~/dl/: downloads gathering directory, preferably empty

      ~/doc/: texts, presentations and notes

      ~/doc/org/: most org-mode related files

      ~/media/: general directory for digial media

      ~/media/{img,vid,music,...}: specific media directories

      ~/etc/: various other directories

      ~/etc/bin/: user binaries

      ~/etc/{mail,news,pub}: gnus related directories

      and a function like this in by bashrc:

      goto() {
      	case $1 in 
      	read) 		cd ~/doc/read			;;
      	vm)   		cd ~/code/etc/vm		;;
      	c)      	cd ~/code/c				;;
      	img)		cd ~/media/img			;;
      	compsci)	cd ~/doc/read/compsci	;;
      	go)			cd ~/code/go/src/		;;
      	lisp)		cd ~/code/lisp/			;;
      	web|www)	cd ~/code/web/www/		;;
      	dl)			cd ~/dl/				;;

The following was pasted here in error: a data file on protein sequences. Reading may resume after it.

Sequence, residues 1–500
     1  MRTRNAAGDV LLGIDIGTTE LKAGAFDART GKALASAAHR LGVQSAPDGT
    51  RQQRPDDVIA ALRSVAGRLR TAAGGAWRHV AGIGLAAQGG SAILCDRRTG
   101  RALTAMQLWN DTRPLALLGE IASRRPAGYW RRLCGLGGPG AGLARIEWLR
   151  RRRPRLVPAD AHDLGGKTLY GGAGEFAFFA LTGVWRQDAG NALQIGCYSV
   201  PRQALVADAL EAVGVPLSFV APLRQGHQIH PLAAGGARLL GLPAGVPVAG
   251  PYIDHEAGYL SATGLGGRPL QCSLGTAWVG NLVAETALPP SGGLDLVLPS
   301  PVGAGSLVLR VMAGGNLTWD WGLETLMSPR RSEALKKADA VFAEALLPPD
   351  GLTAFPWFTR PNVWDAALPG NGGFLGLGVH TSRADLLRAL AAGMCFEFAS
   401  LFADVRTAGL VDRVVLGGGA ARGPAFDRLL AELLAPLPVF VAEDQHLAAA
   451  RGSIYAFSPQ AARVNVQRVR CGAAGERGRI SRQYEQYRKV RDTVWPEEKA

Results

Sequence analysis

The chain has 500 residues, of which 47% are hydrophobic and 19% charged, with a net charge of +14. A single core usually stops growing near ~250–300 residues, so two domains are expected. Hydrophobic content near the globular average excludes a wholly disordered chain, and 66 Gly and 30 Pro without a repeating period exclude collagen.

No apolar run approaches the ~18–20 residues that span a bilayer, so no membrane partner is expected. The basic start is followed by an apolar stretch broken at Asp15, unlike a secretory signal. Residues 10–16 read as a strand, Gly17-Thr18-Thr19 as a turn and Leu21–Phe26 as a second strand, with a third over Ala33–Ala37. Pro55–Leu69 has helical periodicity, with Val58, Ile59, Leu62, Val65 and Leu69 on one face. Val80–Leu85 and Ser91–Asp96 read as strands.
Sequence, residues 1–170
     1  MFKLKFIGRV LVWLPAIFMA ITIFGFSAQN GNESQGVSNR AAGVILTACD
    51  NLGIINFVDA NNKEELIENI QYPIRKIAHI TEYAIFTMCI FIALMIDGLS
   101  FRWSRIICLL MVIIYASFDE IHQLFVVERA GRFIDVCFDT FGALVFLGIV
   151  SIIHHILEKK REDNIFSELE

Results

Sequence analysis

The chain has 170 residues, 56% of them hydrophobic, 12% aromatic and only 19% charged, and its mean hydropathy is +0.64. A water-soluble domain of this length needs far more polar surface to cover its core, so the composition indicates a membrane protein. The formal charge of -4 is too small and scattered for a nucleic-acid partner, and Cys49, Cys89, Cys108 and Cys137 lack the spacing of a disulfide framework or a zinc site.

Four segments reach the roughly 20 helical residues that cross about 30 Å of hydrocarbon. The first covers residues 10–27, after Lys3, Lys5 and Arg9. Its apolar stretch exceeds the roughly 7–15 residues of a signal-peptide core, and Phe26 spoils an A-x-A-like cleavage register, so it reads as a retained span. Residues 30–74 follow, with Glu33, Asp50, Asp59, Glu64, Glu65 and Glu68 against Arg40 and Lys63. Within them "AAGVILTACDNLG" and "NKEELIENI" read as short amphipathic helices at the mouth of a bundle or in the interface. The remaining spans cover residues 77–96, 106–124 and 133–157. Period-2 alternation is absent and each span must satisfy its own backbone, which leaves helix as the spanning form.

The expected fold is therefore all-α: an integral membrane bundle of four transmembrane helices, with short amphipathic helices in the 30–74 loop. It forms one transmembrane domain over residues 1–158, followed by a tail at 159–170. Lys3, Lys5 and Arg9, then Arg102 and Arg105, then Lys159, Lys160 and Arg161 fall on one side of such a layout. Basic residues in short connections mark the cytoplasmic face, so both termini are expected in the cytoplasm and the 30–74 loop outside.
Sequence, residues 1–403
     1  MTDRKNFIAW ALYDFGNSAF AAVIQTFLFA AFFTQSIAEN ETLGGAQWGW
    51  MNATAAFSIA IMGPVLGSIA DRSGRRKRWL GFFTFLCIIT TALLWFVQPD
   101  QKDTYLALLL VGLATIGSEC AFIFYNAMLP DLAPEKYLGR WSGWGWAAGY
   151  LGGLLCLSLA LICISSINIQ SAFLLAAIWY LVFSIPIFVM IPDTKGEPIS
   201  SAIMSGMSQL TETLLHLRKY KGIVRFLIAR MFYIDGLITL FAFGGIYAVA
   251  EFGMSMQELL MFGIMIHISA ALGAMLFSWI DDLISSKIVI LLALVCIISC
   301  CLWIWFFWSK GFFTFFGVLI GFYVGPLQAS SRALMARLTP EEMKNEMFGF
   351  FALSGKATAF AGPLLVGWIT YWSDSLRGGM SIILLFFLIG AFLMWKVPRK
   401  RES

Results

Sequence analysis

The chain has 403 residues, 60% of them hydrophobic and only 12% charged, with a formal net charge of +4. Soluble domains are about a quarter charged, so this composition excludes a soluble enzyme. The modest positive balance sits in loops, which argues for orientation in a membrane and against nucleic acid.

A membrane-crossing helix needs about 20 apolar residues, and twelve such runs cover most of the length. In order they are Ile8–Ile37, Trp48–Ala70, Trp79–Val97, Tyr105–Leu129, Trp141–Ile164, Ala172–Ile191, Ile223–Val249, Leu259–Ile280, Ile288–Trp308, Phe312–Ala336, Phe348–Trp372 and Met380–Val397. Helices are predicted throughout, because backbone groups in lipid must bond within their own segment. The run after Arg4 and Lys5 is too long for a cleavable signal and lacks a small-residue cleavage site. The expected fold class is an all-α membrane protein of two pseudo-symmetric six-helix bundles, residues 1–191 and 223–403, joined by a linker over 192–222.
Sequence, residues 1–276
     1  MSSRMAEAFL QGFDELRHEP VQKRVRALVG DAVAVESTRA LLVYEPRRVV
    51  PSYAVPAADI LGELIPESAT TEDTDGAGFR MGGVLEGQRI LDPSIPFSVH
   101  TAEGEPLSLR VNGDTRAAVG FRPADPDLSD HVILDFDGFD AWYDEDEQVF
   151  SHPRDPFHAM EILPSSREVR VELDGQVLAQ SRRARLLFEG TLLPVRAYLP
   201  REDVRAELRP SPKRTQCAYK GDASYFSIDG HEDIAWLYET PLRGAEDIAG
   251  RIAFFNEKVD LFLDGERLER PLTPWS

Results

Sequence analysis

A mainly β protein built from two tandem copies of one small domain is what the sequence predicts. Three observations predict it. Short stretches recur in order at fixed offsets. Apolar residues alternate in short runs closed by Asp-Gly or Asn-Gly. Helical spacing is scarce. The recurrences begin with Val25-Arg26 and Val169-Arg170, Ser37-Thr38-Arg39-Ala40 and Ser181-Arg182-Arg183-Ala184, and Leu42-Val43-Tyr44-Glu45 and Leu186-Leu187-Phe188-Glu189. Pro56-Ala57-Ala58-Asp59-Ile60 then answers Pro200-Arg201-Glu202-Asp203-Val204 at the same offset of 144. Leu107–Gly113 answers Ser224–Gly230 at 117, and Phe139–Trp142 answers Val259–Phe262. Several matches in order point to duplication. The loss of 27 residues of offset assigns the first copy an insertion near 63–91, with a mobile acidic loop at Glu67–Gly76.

pers)		cd ~/doc/pers/			;;
      	uni)		cd ~/doc/uni/			;;
    32. 1

      The main part of my $HOME is a hierarchy:


      which contains almost all of my configuration. Various dotfiles like .bashrc and .vimrc are symlinked into $HOME from std/bin. I replicate this hierarchy across 1000+ servers to give me my standard environment on those servers. I have a separate $HOME/bin for local additions applicable to only a single server environment. Almost all of my non-dotfile $HOME is symlinks.

    33. 1


      binaries and scripts I want to include in my $PATH


      I organize everything by repositories, like

      • development/sr.ht/jussi/repo-name
      • development/github.com/metosin/reitit


      A lot of various documents from my download directory, sorted by filetype, client name or content. I automate sorting these using Hazel.


      Automated by hazel as well. After a file has been in documents for 4 months, it’ll be archived (or deleted, depends on various things like content and client).